Baker Mayfield recently reiterated to the media what he’s always believed for years – he’s a “great match” for Cleveland.
“I think the things that I said even before the draft and right after the draft of Cleveland is it’s a town that’s about work ethic and a blue-collar mentality, and that’s what I’ve always been about,” Mayfield said before the second day of mandatory minicamp. “I think that’s why it’s been a great match.”
Mayfield also said he’s in “no rush” to sign an extension with the Browns but expressed how much he would like to do so. But, he’s also signed through 2022 for Cleveland. Right now, all that matters to Mayfield is leading the Browns to new heights and thinks extension talks would be an unfair distraction to his teammates.
“I’m in no rush because I’m just trying to win games,” said Mayfield. “I’m sure (agents) Tom and Jack Mills are handling that. I don't try to feed too much into that because that’s wasting my time and energy and thought process on stuff that I’m not in control of right now. I’m going to handle what I can control.”
Sure, the Cleveland signal-caller is saying all the right things but the impending extension for Mayfield is going to create a ton of outside noise for the organization. That in itself is a distraction which is something neither Mayfield nor the Browns necessarily want. A lot of it can depend on timing so it might be best to strike when the iron’s hot, especially if Mayfield leads Cleveland to a Super Bowl. An extension signed by another quarterback, say in-division rival Lamar Jackson, could also reshape things for Mayfield and the Browns.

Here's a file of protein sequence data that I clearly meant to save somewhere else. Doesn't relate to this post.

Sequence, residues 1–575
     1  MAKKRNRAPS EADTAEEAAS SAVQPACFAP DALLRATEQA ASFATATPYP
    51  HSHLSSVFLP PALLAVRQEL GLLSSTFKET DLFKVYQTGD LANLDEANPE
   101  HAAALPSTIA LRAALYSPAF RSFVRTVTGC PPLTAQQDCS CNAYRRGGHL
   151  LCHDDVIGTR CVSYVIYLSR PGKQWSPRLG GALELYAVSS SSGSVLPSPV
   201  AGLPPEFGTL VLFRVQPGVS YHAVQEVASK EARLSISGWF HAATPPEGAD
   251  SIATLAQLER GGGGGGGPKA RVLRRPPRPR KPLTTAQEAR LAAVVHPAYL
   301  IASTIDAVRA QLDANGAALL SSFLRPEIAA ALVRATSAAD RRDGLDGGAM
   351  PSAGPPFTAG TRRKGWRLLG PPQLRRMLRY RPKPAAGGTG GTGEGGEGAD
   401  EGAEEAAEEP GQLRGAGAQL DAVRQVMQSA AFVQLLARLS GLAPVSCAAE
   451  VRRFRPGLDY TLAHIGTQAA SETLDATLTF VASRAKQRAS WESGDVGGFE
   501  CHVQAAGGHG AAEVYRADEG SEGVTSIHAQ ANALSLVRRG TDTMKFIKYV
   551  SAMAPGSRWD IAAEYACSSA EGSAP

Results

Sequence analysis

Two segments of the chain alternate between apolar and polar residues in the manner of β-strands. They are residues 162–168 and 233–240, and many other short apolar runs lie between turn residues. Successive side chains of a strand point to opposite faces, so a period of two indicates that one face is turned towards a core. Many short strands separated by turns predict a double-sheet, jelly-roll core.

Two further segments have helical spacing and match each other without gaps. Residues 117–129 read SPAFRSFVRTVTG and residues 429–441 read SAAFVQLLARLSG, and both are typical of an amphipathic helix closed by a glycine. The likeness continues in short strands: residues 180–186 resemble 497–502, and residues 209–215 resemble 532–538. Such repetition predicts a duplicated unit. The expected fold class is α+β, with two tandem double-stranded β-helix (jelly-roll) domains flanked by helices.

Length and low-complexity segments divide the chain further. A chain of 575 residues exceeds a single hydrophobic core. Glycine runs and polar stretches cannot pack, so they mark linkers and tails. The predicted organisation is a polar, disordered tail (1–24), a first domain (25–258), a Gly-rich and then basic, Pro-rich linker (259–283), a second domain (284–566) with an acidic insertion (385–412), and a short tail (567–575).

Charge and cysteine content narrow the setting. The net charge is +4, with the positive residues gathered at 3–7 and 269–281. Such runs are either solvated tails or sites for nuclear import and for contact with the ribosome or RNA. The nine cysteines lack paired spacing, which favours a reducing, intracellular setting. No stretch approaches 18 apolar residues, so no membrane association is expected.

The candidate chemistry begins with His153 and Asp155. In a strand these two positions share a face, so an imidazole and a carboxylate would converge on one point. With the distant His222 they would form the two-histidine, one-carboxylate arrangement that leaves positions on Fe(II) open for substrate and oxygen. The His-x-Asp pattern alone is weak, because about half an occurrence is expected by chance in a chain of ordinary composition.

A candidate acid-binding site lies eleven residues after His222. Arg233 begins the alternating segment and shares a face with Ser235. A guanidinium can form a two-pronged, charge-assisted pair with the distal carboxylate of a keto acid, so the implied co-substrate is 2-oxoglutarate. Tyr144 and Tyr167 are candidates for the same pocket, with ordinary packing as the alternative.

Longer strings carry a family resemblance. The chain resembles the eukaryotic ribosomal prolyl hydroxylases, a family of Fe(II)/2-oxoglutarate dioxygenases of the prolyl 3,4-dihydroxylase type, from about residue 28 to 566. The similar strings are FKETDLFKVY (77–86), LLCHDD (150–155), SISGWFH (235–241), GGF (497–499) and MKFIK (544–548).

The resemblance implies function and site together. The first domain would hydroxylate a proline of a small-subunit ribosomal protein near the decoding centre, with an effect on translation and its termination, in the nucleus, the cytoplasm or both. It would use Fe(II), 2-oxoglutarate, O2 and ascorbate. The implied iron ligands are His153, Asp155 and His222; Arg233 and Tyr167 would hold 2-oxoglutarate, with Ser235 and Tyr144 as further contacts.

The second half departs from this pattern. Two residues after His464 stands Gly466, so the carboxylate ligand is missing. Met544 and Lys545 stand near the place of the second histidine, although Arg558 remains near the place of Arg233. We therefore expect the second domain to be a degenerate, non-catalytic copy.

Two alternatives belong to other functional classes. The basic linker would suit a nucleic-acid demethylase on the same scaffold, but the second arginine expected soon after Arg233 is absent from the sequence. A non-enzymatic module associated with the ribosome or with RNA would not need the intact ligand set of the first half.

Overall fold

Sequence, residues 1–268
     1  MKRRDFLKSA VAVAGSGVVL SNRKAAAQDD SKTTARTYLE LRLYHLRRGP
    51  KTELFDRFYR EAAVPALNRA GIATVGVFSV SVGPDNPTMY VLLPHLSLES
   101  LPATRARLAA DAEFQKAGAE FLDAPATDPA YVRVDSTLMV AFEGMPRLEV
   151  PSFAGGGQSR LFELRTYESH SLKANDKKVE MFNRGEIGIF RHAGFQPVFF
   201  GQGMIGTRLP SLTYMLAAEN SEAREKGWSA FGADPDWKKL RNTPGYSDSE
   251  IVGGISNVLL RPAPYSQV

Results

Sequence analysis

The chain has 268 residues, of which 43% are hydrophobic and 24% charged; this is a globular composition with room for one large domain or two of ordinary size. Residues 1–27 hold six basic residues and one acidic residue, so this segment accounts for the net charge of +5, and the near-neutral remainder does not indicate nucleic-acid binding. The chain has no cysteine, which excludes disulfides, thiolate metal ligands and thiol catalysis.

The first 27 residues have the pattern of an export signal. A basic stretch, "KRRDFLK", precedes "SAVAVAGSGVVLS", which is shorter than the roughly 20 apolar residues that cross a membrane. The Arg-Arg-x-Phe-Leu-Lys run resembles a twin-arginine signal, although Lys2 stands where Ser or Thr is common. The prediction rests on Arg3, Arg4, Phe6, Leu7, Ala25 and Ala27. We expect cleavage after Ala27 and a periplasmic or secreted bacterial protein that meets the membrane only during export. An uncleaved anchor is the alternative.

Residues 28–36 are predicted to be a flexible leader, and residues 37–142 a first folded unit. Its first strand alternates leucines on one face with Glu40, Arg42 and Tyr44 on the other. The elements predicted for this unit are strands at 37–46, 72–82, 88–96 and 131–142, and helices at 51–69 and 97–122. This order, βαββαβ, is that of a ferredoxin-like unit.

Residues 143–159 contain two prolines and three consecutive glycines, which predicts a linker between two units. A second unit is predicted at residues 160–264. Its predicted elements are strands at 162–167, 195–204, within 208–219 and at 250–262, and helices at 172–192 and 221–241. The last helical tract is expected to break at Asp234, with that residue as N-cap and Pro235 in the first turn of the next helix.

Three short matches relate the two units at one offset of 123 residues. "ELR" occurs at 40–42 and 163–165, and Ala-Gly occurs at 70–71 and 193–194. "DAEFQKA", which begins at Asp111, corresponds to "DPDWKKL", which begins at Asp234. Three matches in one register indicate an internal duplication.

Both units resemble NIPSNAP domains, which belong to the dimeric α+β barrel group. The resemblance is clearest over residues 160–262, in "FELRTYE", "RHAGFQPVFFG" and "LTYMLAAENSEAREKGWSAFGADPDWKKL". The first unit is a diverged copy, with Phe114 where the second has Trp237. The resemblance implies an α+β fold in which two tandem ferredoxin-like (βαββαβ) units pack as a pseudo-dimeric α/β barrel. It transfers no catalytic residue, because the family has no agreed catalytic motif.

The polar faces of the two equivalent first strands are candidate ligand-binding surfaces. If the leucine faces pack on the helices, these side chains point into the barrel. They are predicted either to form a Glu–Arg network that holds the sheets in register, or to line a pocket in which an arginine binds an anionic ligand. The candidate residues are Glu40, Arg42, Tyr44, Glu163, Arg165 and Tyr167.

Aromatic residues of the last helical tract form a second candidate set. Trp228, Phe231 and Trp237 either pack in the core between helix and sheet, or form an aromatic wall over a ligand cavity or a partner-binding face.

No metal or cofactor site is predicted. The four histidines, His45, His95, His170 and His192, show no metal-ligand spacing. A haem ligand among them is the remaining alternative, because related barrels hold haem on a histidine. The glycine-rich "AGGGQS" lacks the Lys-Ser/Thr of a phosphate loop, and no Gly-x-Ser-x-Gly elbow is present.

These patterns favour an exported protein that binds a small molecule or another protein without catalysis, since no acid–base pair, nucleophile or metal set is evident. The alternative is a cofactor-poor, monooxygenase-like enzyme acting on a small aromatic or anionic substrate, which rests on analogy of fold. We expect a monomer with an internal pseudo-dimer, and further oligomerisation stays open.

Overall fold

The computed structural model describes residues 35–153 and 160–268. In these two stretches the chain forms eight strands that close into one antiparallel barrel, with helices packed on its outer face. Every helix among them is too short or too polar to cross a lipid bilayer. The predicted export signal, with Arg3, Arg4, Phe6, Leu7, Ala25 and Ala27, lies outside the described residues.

That being said, Mayfield isn't as sure a thing as some of the recent quarterbacks to sign extensions. Even if he had a bounce-back season under head coach Kevin Stefanski, it can be easy to doubt committing so much money to Mayfield after a strong 2020 campaign. Couple that with the fact that the pandemic impacted the league’s economy and it doesn’t seem likely that Mayfield will sign an extension similar to Houston’s Deshaun Watson (four years, $160 million) or Seattle’s Russell Wilson (four years, $140 million) either.
The one thing Mayfield does have going for him is age. Entering the 2022 season, when his extension would begin, the former Heisman winner would be 27 years old. If he were to sign a standard four-year deal, his contract would end in his early 30s. Because of that, Mayfield could seek a five-year or an extension that lasts even longer to ensure he’s making money for the majority of his career. As of 2021,10 quarterbacks have an annual average value of $30 million on their contract. Jimmy Garoppolo's extension, signed in 2018 with the San Francisco 49ers, had an average annual value of $27.5 million.
Don't expect Mayfield to go for any less than that, and should look to make somewhere around $30 million annually. That means, if anything, the Browns quarterback will sign with the team for a deal ranging from around $150 million to $180 million, depending on the length. Extending Mayfield isn't without risk, of course. But Kevin Stefanski seems to have unlocked the right offense for Mayfield, and that amount of money is just the going rate for quarterbacks these days. Browns fans probably wouldn't want to add to that very long list of bad quarterbacks to have played for the franchise since it was reborn in the late-90s. That's why locking up Mayfield might be the best option.
Barring anything unforeseen, Cleveland should sign Mayfield sooner rather than later. It'll only prove to be an ongoing distraction as the season looms. If things work out in Cleveland's, and Mayfield's, favor, it could cost the Browns more than they ever bargained for with their star quarterback.
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